iPhone 4S users consume twice as much data as iPhone 4 users, signalling that operators will have to continue to battle with growing data volumes, according to a report published by network management software vendor Arieso.
Apple's iPhone has put some operator networks under immense pressure since the first version arrived, as users download more data than their networks can handle. The iPhone 4S takes data consumption to new levels, according to Arieso's report, which looks at usage patterns of at least 1,000 phones of each model, according to company CTO Michael Flanagan.
The latest addition to the iPhone family is the champion among smartphones when it comes to data usage. Owners of the iPhone 4S download almost three times as much data as users of the iPhone 3G, which Arieso uses as the benchmark, and twice as much as the iPhone 4, whose users were the most demanding in last year's survey.
Reasons for the growing data volume include the addition of Siri and iCloud, according to Flanagan.
The vendors are constantly looking for ways to differentiate their products from the competition, and cloud storage has become one of the hottest smartphone application sectors. For example, Sony Ericsson recently struck a deal with Box.net to provide owners of its Android-based Xperia line with 50GB of free storage.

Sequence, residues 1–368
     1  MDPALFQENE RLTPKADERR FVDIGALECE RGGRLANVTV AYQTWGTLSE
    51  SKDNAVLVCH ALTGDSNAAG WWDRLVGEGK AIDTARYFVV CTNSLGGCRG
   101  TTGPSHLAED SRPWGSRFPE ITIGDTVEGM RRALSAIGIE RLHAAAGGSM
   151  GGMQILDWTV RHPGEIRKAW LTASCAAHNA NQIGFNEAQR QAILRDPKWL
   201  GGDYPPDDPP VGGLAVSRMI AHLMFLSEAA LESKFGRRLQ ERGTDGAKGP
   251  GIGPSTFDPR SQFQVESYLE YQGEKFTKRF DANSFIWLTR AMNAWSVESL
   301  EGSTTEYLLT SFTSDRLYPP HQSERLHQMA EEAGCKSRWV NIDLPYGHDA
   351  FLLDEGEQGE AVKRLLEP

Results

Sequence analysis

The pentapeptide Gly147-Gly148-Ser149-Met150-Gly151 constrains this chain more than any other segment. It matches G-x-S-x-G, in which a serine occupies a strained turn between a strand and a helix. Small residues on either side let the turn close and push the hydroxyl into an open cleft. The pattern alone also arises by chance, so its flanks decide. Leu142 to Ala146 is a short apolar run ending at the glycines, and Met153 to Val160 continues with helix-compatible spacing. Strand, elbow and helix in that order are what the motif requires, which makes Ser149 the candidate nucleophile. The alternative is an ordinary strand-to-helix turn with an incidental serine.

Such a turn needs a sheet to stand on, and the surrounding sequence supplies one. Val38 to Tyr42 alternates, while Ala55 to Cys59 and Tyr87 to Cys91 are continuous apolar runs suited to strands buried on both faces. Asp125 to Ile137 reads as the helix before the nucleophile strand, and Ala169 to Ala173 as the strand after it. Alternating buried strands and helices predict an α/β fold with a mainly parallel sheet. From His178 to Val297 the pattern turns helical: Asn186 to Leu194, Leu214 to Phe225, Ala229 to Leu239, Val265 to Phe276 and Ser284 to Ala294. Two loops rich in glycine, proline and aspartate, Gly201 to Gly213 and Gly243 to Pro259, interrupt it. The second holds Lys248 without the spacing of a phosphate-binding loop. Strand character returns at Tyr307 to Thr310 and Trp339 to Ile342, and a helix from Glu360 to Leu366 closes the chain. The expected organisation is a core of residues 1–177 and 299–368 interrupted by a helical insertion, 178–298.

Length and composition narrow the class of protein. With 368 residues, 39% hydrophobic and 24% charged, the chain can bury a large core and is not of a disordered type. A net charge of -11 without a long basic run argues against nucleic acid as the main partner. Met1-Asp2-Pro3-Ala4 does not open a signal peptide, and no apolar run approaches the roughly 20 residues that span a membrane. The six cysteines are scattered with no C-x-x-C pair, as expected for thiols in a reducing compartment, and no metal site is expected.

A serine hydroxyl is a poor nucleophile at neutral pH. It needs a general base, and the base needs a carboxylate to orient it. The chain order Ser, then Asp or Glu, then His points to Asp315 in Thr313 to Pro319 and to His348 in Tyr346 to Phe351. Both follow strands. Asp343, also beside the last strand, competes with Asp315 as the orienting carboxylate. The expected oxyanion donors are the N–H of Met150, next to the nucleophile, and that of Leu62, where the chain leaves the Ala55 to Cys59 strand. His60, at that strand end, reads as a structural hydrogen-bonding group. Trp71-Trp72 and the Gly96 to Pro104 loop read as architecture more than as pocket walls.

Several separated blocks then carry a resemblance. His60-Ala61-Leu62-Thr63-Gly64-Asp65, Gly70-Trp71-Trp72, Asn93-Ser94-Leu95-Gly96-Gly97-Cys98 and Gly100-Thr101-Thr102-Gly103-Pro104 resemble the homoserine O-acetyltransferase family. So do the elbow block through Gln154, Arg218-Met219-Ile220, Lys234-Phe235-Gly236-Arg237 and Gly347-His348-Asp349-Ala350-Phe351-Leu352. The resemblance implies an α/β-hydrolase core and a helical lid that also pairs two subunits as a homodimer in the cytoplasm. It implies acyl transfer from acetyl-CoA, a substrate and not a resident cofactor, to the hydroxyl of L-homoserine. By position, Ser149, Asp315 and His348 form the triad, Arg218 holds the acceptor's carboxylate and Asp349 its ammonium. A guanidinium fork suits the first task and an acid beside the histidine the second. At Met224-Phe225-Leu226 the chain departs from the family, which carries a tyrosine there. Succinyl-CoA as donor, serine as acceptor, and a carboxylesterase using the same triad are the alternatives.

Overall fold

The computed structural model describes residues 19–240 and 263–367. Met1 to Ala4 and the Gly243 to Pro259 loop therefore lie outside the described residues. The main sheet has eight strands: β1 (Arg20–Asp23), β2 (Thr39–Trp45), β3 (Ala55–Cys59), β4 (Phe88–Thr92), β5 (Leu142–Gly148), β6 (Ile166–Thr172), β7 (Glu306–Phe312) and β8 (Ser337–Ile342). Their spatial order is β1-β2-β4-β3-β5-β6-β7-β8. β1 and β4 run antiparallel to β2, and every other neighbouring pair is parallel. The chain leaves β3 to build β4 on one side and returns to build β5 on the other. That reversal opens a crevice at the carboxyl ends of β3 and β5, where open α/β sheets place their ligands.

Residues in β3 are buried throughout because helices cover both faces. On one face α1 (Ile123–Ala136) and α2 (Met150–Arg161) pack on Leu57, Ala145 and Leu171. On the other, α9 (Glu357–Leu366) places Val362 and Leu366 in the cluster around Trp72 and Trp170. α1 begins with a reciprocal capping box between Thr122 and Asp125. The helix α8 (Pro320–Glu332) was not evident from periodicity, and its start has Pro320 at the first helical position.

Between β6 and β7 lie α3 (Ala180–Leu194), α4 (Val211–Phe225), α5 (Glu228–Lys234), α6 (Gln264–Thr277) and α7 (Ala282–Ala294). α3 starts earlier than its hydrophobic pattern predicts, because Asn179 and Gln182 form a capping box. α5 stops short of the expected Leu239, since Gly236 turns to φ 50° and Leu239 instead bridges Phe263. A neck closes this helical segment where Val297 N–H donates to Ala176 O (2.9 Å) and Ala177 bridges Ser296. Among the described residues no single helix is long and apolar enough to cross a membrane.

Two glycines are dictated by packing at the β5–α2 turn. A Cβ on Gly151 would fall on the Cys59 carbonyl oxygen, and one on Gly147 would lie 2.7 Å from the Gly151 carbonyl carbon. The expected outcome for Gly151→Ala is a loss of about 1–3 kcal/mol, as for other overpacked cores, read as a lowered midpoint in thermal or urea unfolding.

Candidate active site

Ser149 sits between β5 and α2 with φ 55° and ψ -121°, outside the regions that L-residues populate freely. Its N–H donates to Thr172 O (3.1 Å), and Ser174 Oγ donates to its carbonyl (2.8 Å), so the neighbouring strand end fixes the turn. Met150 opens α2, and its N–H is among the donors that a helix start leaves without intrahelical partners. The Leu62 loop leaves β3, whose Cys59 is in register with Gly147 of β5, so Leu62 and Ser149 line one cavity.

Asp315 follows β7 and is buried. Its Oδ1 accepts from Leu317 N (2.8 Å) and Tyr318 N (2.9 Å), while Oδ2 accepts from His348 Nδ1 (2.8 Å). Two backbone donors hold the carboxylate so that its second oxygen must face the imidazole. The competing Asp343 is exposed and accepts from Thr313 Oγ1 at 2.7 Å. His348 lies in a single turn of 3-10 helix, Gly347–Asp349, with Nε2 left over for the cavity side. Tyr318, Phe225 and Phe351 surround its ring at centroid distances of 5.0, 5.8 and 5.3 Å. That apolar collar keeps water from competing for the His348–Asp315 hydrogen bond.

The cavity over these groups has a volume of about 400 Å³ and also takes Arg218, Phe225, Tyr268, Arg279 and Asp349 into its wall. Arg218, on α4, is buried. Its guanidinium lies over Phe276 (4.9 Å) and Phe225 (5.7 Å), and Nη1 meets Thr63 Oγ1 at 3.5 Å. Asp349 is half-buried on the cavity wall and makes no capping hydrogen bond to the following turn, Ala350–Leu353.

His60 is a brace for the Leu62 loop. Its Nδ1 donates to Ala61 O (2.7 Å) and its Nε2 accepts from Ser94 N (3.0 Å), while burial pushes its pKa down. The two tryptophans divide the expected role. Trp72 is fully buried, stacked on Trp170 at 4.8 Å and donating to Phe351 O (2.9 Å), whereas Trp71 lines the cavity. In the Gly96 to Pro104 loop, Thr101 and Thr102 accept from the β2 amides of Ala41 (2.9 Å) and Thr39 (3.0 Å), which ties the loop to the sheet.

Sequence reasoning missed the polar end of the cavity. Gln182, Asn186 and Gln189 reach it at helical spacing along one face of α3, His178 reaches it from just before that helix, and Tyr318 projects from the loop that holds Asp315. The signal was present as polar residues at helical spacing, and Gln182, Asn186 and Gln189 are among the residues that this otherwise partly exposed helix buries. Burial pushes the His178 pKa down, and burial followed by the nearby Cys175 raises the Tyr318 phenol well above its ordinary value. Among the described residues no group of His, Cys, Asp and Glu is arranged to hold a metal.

As more vendors bundle or integrate cloud storage with their products, more smartphones will get similar usage patterns to the iPhone 4S, Flanagan said.
Owners of the iPhone 4S aren't the only users who download a lot of data. Other heavy data users include owners of Samsung's Galaxy S and S II, as well as the Nexus One and HTC Desire S.
Upload traffic is growing, and putting more strain on networks, as well. Here the iPhone 4S shares the top spot among smartphones with HTC's Desire S. Owners of those two phones upload more that three times as much data as iPhone 3G users, according to Arieso.
Arieso's report also reveals that 'extreme' users dominate data trends. Today, just 1 percent of subscribers consume half of all downloaded data, and 3 percent of subscribers download close to 80 percent of all data, according to Flanagan.
All that makes it clear that the capacity issues plaguing mobile operators around the world will worsen in 2012, Arieso writes in its report. Going forward, the best chance operators have is to bring base stations closer to users by making better use of smaller base stations.
"What I predict is that we in the future will see increasingly personalised deployments of networks... where the placement of some base stations are driven by the most extreme users," said Flanagan.